Periodic collection of this type of information may be sufficient.

      Collection, storage and processing of data from end-use sources should be carefully designed, well managed and have the capability to produce accurate and targeted information.

    4. Other sources

      Non-conventional sources including Internet sales data related to antimicrobial agents could be collected where available.

    Member Countries may wish to consider, for reasons of cost and administrative efficiency, collecting medical, food-producing animal, agricultural and other antimicrobial use data in a single programme. A consolidated programme would also facilitate comparisons of animal use with human use data for risk analysis purposes and help to promote optimal usage of antimicrobial agents.

  2. Types and reporting formats of antimicrobial usage data

    1. Type of antimicrobial use data

      The data collected at minimum should be the weight in kilograms of the active ingredient of the antimicrobial(s) used in food-producing animals per year. It is possible to estimate total usage by collecting sales data, prescribing data, manufacturing data, import and export data or any combination of these.

      The total number of food-producing animals by species, type of production and their weight in kilograms for food production per year (as relevant to the country of production) is essential basic information.

      Information on dosage regimens (dose, dosing interval and duration of the treatment) and route of administration are elements to include when estimating antimicrobial usage in food-producing animals.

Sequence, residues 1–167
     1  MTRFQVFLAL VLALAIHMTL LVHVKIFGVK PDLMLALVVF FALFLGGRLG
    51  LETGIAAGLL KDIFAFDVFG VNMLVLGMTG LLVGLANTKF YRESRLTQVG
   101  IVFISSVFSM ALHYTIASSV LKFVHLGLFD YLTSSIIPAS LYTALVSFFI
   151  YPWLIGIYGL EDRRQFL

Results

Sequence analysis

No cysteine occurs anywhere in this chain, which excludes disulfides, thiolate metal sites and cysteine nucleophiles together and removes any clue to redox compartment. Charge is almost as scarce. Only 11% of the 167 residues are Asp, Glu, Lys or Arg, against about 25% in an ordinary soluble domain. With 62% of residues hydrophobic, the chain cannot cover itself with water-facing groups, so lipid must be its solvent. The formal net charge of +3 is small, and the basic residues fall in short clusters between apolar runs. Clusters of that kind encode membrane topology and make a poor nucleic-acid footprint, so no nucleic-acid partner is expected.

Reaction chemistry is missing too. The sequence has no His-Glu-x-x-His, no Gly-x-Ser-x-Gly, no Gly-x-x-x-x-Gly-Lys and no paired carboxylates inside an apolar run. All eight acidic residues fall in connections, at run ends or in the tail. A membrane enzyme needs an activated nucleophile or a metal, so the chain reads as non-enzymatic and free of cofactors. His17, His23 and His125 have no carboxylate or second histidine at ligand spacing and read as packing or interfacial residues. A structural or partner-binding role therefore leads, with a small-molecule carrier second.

2. Reporting formats of antimicrobial use data

      The antimicrobial agents, classes or sub-classes to be included in data reporting should be based on current known mechanisms of antimicrobial activity and antimicrobial resistance data.

      Nomenclature of antimicrobial agents should comply with international standards where available.

      For active ingredients present in the form of compounds or derivatives, the mass of active entity of the molecule should be recorded. For antimicrobial agents expressed in International Units, the factor used to convert these units to mass of active entity should be stated.

      The reporting of antimicrobial use data may be further organised by species, by route of administration (specifically in-feed, in-water, injectable, oral, intramammary, intra-uterine and topical) and by type of use (veterinary medical or non veterinary medical).

      Regarding data coming from end-use sources, further breakdown of data for analysis of antimicrobial use at the regional, local, herd and individual veterinarian or veterinary practice levels may be possible.

Article 6.9.5.


According to the OIE risk assessment guidelines (refer to Chapter 6.11.), factors such as the number or percentage of animals treated, treatment regimes, type of use and route of administration are key elements to consider.

When comparing antimicrobial use data over time, changes in the size and composition of animal populations should also be taken into account.

The interpretation and communication of results should take into account factors such as seasonality and disease conditions, animal species and age affected, agricultural systems (e.g. extensive range conditions and feedlots), animal movements, and dosage regimens with antimicrobial agents.

nb: first adopted in 2003; most recent update adopted in 2018.

2018 ©OIE - Terrestrial Animal Health Code

Contents | Index Chapter 6.8. Chapter 6.10.